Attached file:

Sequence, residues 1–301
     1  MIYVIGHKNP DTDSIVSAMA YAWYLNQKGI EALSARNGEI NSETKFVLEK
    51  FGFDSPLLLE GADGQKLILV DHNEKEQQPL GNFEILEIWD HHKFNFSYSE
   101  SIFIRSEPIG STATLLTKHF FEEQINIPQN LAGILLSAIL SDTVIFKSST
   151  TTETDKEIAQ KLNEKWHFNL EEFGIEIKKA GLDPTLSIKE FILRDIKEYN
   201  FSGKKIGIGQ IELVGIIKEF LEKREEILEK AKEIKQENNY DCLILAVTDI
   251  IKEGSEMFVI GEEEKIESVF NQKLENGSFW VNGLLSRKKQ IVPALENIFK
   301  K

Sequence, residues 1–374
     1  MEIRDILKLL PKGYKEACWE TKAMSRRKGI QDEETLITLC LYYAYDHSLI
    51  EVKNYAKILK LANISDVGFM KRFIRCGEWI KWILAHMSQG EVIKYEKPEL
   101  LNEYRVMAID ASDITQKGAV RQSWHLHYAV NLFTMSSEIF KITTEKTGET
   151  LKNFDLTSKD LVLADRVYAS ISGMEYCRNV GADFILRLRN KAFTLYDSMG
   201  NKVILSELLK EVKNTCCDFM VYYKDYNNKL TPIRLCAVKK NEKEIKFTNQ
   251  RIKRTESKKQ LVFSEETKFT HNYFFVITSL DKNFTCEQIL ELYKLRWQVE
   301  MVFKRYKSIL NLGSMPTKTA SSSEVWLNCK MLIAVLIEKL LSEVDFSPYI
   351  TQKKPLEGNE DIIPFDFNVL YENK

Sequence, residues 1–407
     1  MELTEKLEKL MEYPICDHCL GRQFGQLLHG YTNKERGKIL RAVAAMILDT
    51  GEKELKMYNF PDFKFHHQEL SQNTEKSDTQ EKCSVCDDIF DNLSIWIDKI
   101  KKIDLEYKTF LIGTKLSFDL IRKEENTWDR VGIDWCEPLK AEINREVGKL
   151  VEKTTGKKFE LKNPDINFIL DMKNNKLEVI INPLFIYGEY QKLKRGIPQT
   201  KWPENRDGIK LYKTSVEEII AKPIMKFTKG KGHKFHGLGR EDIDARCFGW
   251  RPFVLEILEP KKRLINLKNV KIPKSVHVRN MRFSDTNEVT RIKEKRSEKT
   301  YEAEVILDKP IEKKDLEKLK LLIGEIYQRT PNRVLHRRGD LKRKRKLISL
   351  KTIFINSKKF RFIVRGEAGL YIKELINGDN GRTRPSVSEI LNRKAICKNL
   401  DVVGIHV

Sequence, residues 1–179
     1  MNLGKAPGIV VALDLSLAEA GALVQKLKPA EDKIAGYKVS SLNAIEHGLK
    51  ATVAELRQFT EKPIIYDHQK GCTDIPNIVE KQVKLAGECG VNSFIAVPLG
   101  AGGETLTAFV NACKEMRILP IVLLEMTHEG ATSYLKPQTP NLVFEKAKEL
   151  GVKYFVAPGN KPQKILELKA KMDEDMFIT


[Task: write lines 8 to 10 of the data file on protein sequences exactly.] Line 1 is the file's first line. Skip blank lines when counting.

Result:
   301  K

Sequence, residues 1–374
     1  MEIRDILKLL PKGYKEACWE TKAMSRRKGI QDEETLITLC LYYAYDHSLI